Author Gives Life-Changing Tips on Surviving a Workshop

Harold Cohn is someone who knows a thing or two about getting words into print, but what is it like for those just starting out? Few authors share much about their early days before they managed to get their work ready for publication, so the team here sat down with Cohn to hear more about what it was like. The following are the words he shared over the course of an enjoyable afternoon last week.

“I decided to go to a writer’s workshop. I took a trail I believed would put me in contact with other creative writers. One of the tasks was to pen a verse, so I wrote a poem “SMOG” and I read it to the class on the second night of the workshop. A few of my classmates made some constructive comments, which I jogged down. Then “THE LITTLE YELLOW MAN” jumped up and screamed: “SMOG IS YELLOW!” I was shocked! I did not know what to do! So, I took my seat. I did not say a thing more. I watched the clock tick slowly by. When the class ended, I went home and never returned to the class!”

It’s certainly not what we were expecting to hear from someone who has gone on to write about such a diverse range of areas with such conviction. Is this something that many writers will confirm is a common experience, and one which will derail more fragile creatives in ways that mean they never fulfill their potential?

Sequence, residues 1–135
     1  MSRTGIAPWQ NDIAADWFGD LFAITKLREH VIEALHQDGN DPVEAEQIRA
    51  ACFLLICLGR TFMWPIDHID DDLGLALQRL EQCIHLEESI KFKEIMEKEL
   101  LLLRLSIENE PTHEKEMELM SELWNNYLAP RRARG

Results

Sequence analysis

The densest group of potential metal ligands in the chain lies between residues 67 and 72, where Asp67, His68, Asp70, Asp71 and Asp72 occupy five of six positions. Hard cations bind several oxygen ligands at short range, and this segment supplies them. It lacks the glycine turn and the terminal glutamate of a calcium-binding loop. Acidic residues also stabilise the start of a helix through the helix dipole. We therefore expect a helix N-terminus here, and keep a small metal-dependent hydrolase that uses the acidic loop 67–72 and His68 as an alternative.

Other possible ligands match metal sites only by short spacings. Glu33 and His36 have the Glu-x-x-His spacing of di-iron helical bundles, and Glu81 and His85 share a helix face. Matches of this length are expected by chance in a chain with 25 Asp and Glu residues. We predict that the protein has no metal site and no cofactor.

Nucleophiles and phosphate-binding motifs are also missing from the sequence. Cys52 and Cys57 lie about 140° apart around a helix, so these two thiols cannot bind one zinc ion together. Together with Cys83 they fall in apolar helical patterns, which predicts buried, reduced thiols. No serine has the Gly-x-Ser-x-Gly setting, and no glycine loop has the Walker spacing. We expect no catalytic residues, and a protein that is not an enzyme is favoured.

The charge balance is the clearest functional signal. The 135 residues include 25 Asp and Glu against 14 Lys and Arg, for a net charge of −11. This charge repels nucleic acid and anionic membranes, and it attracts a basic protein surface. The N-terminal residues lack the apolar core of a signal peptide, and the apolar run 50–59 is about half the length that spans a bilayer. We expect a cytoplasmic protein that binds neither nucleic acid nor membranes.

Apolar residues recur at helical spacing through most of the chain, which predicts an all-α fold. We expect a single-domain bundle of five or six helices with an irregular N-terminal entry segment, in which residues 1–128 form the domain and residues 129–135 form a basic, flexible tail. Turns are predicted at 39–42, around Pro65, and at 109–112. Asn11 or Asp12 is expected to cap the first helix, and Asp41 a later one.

“Yes, there is a “Little Yellow Man” in every creative writing class. You can call him the “Village Idiot,” a pain in your south part when your head is the North Pole. Now you know who “The Little Yellow Man” is do not try to correct him. Just smile at him and let him rave on and make a “south-part” out of himself.”

It’s a refreshingly honest way of looking at the world of communal creativity. So are there many words of wisdom he would like to leave to the next generation of authors?

“Follow your dreams and ignore the Little Yellow Man. He’s there to point out the all the reasons why something shouldn’t happen, while offering nothing constructive of his own. Because he never writes, he never creates; and because he never creates, he’s never open to criticism. Let him stay in his castle and let your pen talk. Nod politely when he shouts across the room, and the get back to doing what you know you enjoy and what you’re passionate about getting good at.”

For more words of wisdom, check out his latest anthology at Amazon.com.

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